Designed-In Cyber Security for Cyber-Physical Systems

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1 Designed-In Cyber Security for Cyber-Physical Systems Workshop Report by the Cyber Security Research Alliance 4-5 April 2013 in Gaithersburg, Maryland Co-sponsored with the National Institute of Standards and Technology Workshop Report Abstract Cyber-physical systems (CPS) are a diverse group of systems used to physically manipulate critical infrastructure such as power and water, industrial systems, transportation systems, medical devices, security systems, building automation, emergency management, and many other systems vital to our well-being. When CPS malfunction or fail, the operation of corresponding systems in the real world can impair physical safety or trigger loss of life, cause enormous economic damage, and thwart the vital missions of businesses, cities, states and the nation. On 4-5 April 2013, The Cyber Security Research Alliance conducted a workshop with the National Institute of Standards and Technology (NIST) to explore emerging research needs for cyber security in cyberphysical systems with the diverse cyber-physical community at large. This Report presents findings of workshop participants from the six topic-specific sessions, including a roadmap for research on ways to improve security of CPS.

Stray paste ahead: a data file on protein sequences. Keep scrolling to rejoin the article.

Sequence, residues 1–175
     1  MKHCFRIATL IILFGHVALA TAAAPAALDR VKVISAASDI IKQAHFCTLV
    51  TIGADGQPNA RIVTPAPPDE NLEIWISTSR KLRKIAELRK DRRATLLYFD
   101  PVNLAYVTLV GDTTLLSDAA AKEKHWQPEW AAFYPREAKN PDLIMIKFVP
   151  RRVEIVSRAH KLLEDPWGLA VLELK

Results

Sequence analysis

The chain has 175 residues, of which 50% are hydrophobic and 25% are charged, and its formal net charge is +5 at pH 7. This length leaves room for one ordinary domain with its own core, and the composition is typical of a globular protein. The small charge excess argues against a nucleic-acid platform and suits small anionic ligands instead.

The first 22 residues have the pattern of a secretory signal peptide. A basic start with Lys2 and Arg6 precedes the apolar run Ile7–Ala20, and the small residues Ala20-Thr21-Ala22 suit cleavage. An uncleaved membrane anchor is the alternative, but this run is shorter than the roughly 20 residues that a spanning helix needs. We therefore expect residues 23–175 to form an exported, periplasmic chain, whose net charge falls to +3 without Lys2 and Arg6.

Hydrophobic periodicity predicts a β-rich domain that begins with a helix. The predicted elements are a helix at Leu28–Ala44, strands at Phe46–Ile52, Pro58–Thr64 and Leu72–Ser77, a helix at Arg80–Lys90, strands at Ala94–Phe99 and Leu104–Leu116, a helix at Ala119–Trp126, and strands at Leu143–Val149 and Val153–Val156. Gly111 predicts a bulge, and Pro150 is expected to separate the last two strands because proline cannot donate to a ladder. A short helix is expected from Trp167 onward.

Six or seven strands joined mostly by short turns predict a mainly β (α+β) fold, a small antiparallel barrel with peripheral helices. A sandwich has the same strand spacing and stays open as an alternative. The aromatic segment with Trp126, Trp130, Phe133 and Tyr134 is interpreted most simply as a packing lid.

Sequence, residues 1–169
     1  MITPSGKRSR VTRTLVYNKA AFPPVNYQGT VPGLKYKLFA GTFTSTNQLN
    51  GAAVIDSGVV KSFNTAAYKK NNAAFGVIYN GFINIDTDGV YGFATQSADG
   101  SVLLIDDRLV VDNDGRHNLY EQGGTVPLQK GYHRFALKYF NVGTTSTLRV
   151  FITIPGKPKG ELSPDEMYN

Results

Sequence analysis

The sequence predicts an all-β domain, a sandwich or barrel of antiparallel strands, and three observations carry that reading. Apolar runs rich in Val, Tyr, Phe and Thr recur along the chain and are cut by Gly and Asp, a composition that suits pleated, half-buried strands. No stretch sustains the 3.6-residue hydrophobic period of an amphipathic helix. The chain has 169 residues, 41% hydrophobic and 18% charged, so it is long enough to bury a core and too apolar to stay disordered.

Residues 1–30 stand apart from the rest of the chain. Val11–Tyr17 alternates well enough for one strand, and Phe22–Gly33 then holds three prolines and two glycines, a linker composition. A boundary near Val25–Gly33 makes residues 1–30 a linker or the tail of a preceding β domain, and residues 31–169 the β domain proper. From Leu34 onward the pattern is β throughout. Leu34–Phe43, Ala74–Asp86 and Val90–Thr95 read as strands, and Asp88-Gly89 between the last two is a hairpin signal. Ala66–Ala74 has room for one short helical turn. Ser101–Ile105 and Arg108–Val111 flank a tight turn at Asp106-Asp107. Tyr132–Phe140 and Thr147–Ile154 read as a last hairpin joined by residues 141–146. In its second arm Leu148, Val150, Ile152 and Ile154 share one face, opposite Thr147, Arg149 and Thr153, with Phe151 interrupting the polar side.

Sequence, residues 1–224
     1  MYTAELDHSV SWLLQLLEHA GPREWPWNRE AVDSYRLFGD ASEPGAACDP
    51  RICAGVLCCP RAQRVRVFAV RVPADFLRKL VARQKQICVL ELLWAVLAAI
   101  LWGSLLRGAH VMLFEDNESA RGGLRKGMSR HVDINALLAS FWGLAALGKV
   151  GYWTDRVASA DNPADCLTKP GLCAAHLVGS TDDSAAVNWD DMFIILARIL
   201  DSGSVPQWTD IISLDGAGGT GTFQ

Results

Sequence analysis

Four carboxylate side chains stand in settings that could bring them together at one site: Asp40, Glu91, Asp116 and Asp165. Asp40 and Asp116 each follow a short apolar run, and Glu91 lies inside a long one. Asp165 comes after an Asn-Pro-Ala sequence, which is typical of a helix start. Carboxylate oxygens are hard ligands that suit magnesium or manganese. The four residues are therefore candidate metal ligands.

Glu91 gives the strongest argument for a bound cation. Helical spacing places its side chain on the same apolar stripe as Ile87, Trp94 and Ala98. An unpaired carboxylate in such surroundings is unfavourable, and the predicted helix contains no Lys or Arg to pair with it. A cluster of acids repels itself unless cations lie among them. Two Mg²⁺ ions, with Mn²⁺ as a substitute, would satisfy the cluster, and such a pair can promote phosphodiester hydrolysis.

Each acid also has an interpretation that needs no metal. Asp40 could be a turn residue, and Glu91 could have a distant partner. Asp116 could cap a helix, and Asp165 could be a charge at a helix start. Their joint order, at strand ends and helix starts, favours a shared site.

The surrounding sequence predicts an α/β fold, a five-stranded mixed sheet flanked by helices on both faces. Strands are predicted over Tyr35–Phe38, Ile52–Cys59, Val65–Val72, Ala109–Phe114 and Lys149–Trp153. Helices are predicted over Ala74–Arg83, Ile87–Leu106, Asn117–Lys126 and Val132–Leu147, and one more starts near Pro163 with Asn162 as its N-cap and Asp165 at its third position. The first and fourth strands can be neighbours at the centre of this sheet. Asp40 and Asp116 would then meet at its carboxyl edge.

2 Contents Workshop Report Abstract Overview and Summary of Recommendations Purpose of the Workshop Results from the Workshop Challenges in Architecting and Protecting CPS Summary of Recommendations by Topic Supply Chain Assurance Threat Information Securing the Base Black Box Trustworthy Operations Common Research Ideas Supply Chain: It s Impact on Securing Cyber-Physical Systems Abstract Discussion of Issues Key Findings Research Opportunities Approaches to Assurance and Assurance Composition for CPS Abstract Generic Definition of Assurance in Security Assurance Types and Properties for CPS Architectures for Assurance Composition of Assurances in CPS Adversary Definition Research Opportunities Getting Reliable Information on Vulnerabilities and Threats Abstract Background on Security of CPS Customer View: Getting Reliable Information from Vendors Vendor View: Communicating Information on Vulnerabilities and Threats Research Opportunities Working with What We Have: Securing the Base Abstract